WIRTSCHAFTS- UND ORGANISATIONSPSYCHOLOGIE ECONOMIC AND ORGANISATIONAL ethical leadership wop working paper no. 2012 / 1 1 wirtschafts- und organisationspsychologie economic and organisational

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  • RE-THINKING ETHICAL LEADERSHIP

    WOP Working Paper No. 2012 / 1

    1 WIRTSCHAFTS- UND ORGANISATIONSPSYCHOLOGIE ECONOMIC AND ORGANISATIONAL PSYCHOLOGY CHAIR: PROF. DR. FELIX BRODBECK

    WOP Working Paper

    No. 2012 / 1

    Re-thinking Ethical Leadership:

    An Interdisciplinary Integrative Approach

    Silke A. Eisenbeiss Ludwig-Maximilians-University

    This paper will be published in:

    Eisenbeiss, S. A. (in press). Re-thinking Ethical Leadership: An Interdisciplinary Integrative Approach. Leadership

    Quarterly.

    Keywords:

    Ethical leadership, interdisciplinary approach, justice, responsibility, sustainability

    Correspondence:

    Dr. Silke Astrid Eisenbeiss

    Ludwig-Maximilians-University

    Department of Organizational and Economic

    Psychology

    Leopoldstrae 13

    80802 Munich/ Germany

    Email: silke.eisenbeiss@psy.lmu.de

  • RE-THINKING ETHICAL LEADERSHIP

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    Abstract

    The purpose of this paper is (1) to identify critical issues in the current literature on ethical

    leadership i.e., the conceptual vagueness of the construct itself and the focus on a Western-

    based perspective; (2) to address these issues and recent calls for more collaboration between

    normative and empirical-descriptive inquiry of ethical phenomena by developing an

    interdisciplinary integrative approach to ethical leadership. Based on the analysis of similarities

    between Western and Eastern moral philosophy and ethics principles of the world religions, the

    present approach identifies four essential normative reference points of ethical leadership the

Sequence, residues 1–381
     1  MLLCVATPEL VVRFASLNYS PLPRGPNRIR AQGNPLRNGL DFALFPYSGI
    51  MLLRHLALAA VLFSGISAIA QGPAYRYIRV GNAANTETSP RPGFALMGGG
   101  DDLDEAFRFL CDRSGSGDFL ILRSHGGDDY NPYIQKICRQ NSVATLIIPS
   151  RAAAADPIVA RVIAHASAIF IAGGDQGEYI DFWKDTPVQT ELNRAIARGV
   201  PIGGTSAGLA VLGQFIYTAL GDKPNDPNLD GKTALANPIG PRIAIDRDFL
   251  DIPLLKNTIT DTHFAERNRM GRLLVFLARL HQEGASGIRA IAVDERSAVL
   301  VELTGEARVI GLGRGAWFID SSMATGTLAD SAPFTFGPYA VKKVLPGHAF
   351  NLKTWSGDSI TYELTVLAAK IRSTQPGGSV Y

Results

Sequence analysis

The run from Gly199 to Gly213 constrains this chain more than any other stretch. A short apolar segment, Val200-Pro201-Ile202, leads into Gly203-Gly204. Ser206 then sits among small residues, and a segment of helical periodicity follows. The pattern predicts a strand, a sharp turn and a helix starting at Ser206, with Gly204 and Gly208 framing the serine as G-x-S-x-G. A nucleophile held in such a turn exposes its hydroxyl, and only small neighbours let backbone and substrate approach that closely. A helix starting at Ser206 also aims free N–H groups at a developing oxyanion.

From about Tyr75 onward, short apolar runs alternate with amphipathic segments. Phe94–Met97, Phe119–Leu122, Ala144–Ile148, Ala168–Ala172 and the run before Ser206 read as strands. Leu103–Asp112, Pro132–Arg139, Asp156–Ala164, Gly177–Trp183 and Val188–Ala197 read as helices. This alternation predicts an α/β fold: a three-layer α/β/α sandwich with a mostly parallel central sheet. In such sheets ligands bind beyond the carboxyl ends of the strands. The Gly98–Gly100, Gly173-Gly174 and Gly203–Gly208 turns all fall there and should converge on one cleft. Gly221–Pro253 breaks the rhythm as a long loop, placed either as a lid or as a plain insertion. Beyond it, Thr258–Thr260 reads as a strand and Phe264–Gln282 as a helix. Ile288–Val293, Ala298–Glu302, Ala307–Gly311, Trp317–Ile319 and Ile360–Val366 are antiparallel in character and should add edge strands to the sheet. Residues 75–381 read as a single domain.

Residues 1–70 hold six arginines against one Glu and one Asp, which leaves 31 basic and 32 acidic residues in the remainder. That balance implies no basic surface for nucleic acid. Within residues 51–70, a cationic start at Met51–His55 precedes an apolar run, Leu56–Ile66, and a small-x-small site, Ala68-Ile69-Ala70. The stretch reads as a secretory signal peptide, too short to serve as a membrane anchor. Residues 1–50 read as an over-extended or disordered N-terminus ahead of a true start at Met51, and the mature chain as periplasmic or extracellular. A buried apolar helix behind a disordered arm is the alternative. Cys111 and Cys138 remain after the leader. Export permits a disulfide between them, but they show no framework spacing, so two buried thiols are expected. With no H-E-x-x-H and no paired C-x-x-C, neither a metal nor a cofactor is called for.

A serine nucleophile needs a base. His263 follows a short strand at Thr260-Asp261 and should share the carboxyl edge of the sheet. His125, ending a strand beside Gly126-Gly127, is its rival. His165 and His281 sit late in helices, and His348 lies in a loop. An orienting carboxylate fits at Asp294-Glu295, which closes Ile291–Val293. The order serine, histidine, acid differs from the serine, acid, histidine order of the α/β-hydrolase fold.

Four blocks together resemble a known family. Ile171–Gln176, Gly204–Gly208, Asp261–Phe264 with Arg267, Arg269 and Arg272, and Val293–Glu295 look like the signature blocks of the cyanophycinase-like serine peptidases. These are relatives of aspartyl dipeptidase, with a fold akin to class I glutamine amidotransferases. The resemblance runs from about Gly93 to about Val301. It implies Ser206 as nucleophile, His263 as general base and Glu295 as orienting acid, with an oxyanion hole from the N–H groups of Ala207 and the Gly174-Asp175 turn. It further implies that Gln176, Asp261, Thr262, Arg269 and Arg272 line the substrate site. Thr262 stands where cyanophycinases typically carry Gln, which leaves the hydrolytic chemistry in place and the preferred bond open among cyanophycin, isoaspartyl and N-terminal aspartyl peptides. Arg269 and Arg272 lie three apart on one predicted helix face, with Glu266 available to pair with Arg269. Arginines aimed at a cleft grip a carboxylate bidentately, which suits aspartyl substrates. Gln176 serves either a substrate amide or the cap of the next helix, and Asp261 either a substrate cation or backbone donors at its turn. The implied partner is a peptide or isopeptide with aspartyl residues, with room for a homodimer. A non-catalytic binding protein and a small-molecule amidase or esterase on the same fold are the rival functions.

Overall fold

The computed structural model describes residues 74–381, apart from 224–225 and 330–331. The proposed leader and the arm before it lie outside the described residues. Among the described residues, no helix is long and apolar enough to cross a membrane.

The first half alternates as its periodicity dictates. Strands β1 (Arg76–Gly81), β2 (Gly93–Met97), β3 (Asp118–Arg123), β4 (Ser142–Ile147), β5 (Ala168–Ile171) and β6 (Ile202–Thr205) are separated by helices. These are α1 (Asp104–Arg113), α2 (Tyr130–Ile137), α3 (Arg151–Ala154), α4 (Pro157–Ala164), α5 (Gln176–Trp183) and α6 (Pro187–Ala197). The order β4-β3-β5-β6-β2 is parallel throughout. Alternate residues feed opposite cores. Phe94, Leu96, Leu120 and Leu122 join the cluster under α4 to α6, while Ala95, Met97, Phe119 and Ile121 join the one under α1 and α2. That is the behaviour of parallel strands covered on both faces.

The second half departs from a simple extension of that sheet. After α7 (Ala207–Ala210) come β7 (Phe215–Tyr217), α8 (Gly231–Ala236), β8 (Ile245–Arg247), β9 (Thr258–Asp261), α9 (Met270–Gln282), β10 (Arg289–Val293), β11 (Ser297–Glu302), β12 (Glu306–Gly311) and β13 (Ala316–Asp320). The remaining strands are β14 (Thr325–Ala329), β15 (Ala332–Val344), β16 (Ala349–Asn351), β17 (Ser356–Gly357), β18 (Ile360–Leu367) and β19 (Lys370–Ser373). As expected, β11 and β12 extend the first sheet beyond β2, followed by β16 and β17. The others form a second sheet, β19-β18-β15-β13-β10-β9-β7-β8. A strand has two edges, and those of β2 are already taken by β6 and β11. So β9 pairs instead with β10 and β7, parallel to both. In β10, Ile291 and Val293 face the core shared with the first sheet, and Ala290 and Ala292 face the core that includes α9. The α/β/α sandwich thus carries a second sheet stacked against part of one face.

four central ethical orientations: (1) humane orientation, (2) justice orientation, (3)

    responsibility and sustainability orientation, (4) moderation orientation. Research propositions

    on predictors and consequences of leader expressions of the four central orientations are offered.

    Real cases of ethical leadership choices, derived from in-depth interviews with international

    leaders, illustrate how the central orientations play out in managerial practice.

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    Re-thinking Ethical Leadership:

    An Interdisciplinary Integrative Approach

    The recent high-impact ethics scandals in the banking sector and the oil industry have

    aroused strong public concern and led to a lively debate on business ethics, making ethical

    leadership one of the hot topics in organizational practice. In view of these distressing events,

    organizations are expected to assume responsibility and to increase their efforts in demonstrating

    ethical governance and promoting ethical leadership throughout the organizational hierarchy

    (Mayer, Kuenzi, Greenbaum, Bardes, & Salvador, 2009).

    Despite the importance of this issue, the body of social scientific research on ethical

    leadership still is rather small (see Brown & Trevio, 2006; Den Hartog & De Hoogh, 2009;

    Toor & Ofori, 2009; Trevio, Weaver, & Reynolds, 2006) though growing and has critical

    shortcomings. A review of the pertinent literature reveals that current research on ethical

    leadership focuses on an empirical-descriptive Western-based perspective. The widely shared

    definition of ethical leadership (from Brown, Trevio, & Harrison, 2005, p. 120) the

    demonstration of normatively appropriate conduct ... and the promotion of such conduct to

    followers (e.g., used by Detert, Trevio, Burris, & Andiappan, 2007; Piccolo, Greenbaum, Den

    Hartog, & Folger, 2010; Walumbwa & Schaubroeck, 2009) appears to be rather vague as it

    does not specify any particular norms ethical leaders can refer to. Hence, in order to prevent

    ethical relativism, several researchers called for more collaboration between normative and

    descriptive approaches in ethics research (Klein, 2002; Trevio & Weaver, 2003) and demanded

    specification of the relevant norms for ethical leadership (Giessner & van Quaquebeke, 2010).

    As Bellah (1983, p. 373) put it: Without a reference point in the tradition of ethical reflection,

    the very categories of social thought would be empty.

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    In answer to these calls, the present paper develops an interdisciplinary normative

    approach to ethical leadership and transfers it to the social sciences. Integrative analysis of the

    seminal works in ancient and modern moral philosophy from the West and the East ranging